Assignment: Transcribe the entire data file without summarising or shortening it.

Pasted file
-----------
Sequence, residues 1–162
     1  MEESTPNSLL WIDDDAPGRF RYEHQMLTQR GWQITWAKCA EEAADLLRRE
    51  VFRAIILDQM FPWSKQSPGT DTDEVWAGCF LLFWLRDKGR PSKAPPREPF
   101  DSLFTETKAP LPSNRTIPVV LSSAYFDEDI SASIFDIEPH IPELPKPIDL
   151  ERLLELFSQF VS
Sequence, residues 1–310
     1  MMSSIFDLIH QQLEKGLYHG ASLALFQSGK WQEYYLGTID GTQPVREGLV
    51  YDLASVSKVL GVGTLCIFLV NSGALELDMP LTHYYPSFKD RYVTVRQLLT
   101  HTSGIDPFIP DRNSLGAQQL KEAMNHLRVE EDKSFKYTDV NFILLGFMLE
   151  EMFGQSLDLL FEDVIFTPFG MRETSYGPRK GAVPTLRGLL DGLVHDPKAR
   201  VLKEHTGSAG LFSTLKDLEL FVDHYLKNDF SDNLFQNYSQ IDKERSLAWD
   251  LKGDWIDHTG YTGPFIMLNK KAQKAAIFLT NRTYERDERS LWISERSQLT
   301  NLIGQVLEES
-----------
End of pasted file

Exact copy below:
Sequence, residues 1–162
     1  MEESTPNSLL WIDDDAPGRF RYEHQMLTQR GWQITWAKCA EEAADLLRRE
    51  VFRAIILDQM FPWSKQSPGT DTDEVWAGCF LLFWLRDKGR PSKAPPREPF
   101  DSLFTETKAP LPSNRTIPVV LSSAYFDEDI SASIFDIEPH IPELPKPIDL
   151  ERLLELFSQF VS
Sequence, residues 1–310
     1  MMSSIFDLIH QQLEKGLYHG ASLALFQSGK WQEYYLGTID GTQPVREGLV
    51  YDLASVSKVL GVGTLCIFLV NSGALELDMP LTHYYPSFKD RYVTVRQLLT
   101  HTSGIDPFIP DRNSLGAQQL KEAMNHLRVE EDKSFKYTDV NFILLGFMLE
   151  EMFGQSLDLL FEDVIFTPFG MRETSYGPRK GAVPTLRGLL DGLVHDPKAR
   201  VLKEHTGSAG LFSTLKDLEL FVDHYLKNDF SDNLFQNYSQ IDKERSLAWD
   251  LKGDWIDHTG YTGPFIMLNK KAQKAAIFLT NRTYERDERS LWISERSQLT
   301  NLIGQVLEES